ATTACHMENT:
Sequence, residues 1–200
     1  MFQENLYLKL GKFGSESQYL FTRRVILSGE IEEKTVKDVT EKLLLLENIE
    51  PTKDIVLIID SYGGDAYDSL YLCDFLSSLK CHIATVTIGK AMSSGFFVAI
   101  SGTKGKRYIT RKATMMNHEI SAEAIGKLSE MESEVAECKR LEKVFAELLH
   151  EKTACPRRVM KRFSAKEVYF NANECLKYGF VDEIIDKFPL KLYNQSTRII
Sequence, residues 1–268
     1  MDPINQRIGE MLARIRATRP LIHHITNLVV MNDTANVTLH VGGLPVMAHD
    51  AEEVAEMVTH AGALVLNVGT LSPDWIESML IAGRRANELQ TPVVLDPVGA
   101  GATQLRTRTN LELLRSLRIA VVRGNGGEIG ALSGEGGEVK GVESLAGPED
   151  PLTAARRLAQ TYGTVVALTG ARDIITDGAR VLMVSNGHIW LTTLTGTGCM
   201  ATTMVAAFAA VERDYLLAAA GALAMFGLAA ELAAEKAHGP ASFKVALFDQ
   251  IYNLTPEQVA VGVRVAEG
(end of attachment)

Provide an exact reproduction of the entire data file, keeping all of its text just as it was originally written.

Sequence, residues 1–200
     1  MFQENLYLKL GKFGSESQYL FTRRVILSGE IEEKTVKDVT EKLLLLENIE
    51  PTKDIVLIID SYGGDAYDSL YLCDFLSSLK CHIATVTIGK AMSSGFFVAI
   101  SGTKGKRYIT RKATMMNHEI SAEAIGKLSE MESEVAECKR LEKVFAELLH
   151  EKTACPRRVM KRFSAKEVYF NANECLKYGF VDEIIDKFPL KLYNQSTRII
Sequence, residues 1–268
     1  MDPINQRIGE MLARIRATRP LIHHITNLVV MNDTANVTLH VGGLPVMAHD
    51  AEEVAEMVTH AGALVLNVGT LSPDWIESML IAGRRANELQ TPVVLDPVGA
   101  GATQLRTRTN LELLRSLRIA VVRGNGGEIG ALSGEGGEVK GVESLAGPED
   151  PLTAARRLAQ TYGTVVALTG ARDIITDGAR VLMVSNGHIW LTTLTGTGCM
   201  ATTMVAAFAA VERDYLLAAA GALAMFGLAA ELAAEKAHGP ASFKVALFDQ
   251  IYNLTPEQVA VGVRVAEG